Risk factors for mortality from all causes in Australian former National Service conscripts of the Vietnam conflict era were determined by comparing decedents with a random sample of survivors using data available from service records. Three-quarters of the deaths were due to external causes. A log-linear regression model was used to evaluate variables in four classes: education and cognitive abilities, employment, conduct while in service, and physical and mental health. Risk of mortality was higher for men with lower scores on the army intelligence test. Age left school and highest class reached were not as important to survival as participation in post-secondary education, which was associated with a lower risk of early death. Risk of death also increased with a conduct history of being Absent Without Leave or being charged for offences involving alcohol or motor vehicles. Employment instability between school and military service also was associated weakly with a higher risk of death, as was duration of hospitalisation during service. Given survival to the end of National Service, service in Vietnam per se did not figure in the regression model as an important determinant of subsequent mortality.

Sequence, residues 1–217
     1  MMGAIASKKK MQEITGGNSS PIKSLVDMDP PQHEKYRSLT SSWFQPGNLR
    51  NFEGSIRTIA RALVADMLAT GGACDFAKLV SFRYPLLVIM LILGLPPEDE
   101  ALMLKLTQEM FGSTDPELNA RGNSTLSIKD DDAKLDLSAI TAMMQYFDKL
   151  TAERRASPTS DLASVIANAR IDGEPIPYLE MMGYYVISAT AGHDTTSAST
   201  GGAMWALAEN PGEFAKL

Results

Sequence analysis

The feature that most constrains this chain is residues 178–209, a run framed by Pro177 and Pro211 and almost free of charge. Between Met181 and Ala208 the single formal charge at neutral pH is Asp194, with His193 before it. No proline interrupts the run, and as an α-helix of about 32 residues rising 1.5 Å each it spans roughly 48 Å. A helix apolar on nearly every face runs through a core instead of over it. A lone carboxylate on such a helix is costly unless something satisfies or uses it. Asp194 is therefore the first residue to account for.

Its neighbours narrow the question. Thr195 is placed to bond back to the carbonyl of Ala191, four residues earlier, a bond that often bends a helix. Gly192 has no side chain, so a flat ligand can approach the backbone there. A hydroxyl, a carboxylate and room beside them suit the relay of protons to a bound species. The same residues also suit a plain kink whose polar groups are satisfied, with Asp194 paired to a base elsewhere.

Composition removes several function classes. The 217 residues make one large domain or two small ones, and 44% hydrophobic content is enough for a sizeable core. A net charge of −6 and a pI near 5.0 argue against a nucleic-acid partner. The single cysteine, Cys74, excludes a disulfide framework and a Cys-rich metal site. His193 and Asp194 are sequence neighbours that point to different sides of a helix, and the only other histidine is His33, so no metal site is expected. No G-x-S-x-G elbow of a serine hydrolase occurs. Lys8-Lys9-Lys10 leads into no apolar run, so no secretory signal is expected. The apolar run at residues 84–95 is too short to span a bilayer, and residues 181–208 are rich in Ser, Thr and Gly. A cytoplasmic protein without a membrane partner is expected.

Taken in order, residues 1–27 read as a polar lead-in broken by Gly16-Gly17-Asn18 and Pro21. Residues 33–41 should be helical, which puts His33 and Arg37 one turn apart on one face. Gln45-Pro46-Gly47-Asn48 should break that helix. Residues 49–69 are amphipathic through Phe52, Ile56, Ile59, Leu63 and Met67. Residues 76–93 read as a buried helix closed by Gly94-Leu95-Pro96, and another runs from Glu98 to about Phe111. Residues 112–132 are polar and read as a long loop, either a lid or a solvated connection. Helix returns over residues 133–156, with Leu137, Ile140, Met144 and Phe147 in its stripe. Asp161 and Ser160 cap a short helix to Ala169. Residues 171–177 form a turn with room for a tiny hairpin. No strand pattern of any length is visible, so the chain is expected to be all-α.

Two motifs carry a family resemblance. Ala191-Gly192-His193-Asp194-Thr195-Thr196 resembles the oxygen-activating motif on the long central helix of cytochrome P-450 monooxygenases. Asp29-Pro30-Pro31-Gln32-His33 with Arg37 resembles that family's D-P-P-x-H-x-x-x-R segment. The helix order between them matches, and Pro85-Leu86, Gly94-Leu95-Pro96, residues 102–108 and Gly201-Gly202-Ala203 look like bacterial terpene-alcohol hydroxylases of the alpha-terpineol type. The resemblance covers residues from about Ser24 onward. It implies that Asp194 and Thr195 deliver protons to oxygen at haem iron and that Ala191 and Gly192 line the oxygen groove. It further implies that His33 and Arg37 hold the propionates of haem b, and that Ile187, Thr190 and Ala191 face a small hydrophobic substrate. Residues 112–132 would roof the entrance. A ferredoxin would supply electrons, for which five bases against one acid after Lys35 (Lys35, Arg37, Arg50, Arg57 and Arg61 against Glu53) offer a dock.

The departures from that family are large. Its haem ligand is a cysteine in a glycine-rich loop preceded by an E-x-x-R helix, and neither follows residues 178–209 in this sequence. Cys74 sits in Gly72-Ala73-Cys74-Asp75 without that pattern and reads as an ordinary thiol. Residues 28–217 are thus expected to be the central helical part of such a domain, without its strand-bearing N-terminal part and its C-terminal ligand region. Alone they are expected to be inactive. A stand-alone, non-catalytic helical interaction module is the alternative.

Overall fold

|Number of pages||10|
|Journal||Australian and New Zealand Journal of Public Health|
|Publication status||Published - Dec 1988|
- Cause of Death
- Risk Factors
- Comparative Study
- Journal Article